3) The buildup, and finally the release
Say the opposite scenario from #2 happens. So far you've taken the audience on a journey. It's been a little shaky--a bit of a roller-coaster ride. You were a bit nervous at first. But you caught your stride, your rhythm, and now you can feel the moment at the horizon. You're at the brink. You've been waiting all night for that one joke that will send the audience. The single solitary moment that will make the whole night worthwhile. You've been having an okay night and you're waiting for the exact moment when you finally, uh, well, can climax. But remember to get the audience there first, before you do so! (It's only polite.) It's the highlight of the evening, so to speak. And audiences finally gets there, standing-O, perhaps. And now it's time for your release. Bliss! Absolute bliss!
4) One night stands do apply
(If I need to explain this one, then you might want to find another blog.)
Fine! Fine! I'll explain it, dammit!
Most comedians, mainly experienced ones, will do a show unexpectedly at the drop of hat--no warning, no precursor, no subtly dropped hints. They just walk into a club, hop on stage, do a set, and get off---stage, I mean. But it's just one show. No more. It was a random deviation from the set plan. It was a good night. It went well. And there are no regrets. The audience is satisfied. You're feeling good about it! And you may never see that audience again, despite things going so well. So yes, in comedy, one night stands apply and are in fact encouraged. (Unless, there's a baby conceived, and in that case, you should be responsible and speak to your audience about that.) I'm disappointed in you! I can't believe you didn't use protection!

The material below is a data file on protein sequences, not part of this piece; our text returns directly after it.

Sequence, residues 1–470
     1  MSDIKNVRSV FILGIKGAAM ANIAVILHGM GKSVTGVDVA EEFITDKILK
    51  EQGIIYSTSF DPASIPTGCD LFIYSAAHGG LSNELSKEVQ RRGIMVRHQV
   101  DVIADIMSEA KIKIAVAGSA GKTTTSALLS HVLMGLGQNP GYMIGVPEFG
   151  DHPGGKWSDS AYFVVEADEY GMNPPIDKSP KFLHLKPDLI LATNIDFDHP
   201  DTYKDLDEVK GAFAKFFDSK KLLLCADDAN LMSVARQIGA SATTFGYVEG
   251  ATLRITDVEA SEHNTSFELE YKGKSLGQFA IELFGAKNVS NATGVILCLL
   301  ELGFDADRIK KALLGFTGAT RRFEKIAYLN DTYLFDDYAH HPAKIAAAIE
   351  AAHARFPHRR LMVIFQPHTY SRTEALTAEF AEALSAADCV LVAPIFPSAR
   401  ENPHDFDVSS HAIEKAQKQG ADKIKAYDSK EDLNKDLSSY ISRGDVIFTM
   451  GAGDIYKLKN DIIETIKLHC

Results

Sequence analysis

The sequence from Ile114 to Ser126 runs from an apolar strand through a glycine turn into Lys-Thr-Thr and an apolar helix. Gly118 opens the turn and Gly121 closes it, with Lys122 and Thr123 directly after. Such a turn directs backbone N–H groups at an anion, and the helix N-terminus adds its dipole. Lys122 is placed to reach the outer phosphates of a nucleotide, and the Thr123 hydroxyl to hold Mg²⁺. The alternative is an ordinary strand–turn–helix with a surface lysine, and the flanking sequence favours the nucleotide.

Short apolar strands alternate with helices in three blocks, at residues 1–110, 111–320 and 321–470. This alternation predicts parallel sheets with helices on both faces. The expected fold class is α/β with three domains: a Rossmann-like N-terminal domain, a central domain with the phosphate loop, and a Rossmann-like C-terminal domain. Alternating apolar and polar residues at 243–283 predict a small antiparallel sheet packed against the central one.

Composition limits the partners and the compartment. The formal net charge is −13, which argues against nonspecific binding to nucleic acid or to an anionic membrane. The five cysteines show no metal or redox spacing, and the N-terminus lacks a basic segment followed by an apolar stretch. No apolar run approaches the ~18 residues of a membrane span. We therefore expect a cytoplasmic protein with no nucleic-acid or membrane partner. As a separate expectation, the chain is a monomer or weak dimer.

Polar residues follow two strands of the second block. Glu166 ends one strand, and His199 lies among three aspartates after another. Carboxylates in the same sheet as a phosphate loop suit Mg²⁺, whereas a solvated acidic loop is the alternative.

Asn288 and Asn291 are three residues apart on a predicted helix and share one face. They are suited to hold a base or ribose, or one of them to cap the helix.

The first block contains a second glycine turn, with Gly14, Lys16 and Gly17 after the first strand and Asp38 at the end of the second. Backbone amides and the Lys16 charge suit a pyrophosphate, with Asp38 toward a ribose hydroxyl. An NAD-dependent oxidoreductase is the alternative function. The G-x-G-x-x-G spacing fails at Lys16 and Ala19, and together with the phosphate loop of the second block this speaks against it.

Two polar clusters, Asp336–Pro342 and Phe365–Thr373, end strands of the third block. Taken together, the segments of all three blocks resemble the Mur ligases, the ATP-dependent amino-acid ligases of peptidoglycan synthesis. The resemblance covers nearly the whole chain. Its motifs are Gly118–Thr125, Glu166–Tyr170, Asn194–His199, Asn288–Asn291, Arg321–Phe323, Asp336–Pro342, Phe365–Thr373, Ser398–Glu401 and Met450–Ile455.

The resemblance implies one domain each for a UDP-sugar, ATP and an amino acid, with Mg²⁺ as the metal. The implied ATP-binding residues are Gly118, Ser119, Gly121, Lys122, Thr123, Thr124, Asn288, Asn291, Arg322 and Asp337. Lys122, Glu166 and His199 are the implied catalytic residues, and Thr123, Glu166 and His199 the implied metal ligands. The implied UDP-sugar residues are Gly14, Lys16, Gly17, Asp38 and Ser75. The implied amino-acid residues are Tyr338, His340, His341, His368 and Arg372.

5) Compensation for services
You can pay for it, but paying for it is lot less satisfying than if you get it for free.
In New York city, it's very common to walk into a restaurant or bar and find a comedy show going on almost any night of the week. Most of the time it's in a back room. My point is that it's not difficult at all to find open mics and amateur comedy shows that are free. Mainly because the need for audience--real audience--versus a comic audience, as discussed in a previous post, is strong.
And sometimes, albeit sometimes, you will attend one of these weak open mic nights (because even I'll admit, as an amateur, we're not experienced and hence, not funny) and a surprise big time/headliner comic will do a little stagetime to work on their set. What do I mean by "big time"? Oh, I don't know perhaps, Chris Rock, Seinfeld, Dave Chappelle, oh, and I don't know perhaps... Grammy award winner, John Mayer! As of late, Chris Rock has been spotted at two of clubs I frequent, but unfortunately, due to my perfect timing, I am never there to witness his performance.
6) Sweaty palms, heavy panting, cries of ectsacy
Every time I take the stage, I'm a little bit nervous. And most comedians will admit to picking up the microphone and having it slip thorough their hands because of the sweaty buildup.
Believe it or not, every performer should be a bit nervous. (If you're not, you're on something and you might want to consider heading slowly back offstage before you hurt yourself or someone else.) If you do get the honor of playing a booked show in front of real paying audience, then you shouldn't feel so nervous that you're petrified. By then you should have worked out all your jokes and be comfortable with your routine.
Once you've gotten into the groove of things, that's when the magic happens. Ideally, the heavy panting and the cries of ectascy are a result of the delirious laughter from the audience members. The heavy panting is sometimes residual from a knee-slapper, post-a killer joke. And it's okay if the audience remains quiet, with heavy panting to break up the silence. (The audience sometimes need to recover from the last joke to prepare for another of its caliber. Trust me, in this case, silence is a good thing, for a comic. It means you've slayed and the audience isn't sure they can go for another round.) A good comic will notice this and bring the energy down a level, giving the audience a refractory period, if you get my double entendre. Thereby the recovery time can be shorter giving you more time for fun on stage.
Don't go! There's more Comedy and Sex, Part 3!
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Monday, August 20, 2007
3) The buildup, and finally the release
at 1:11 AM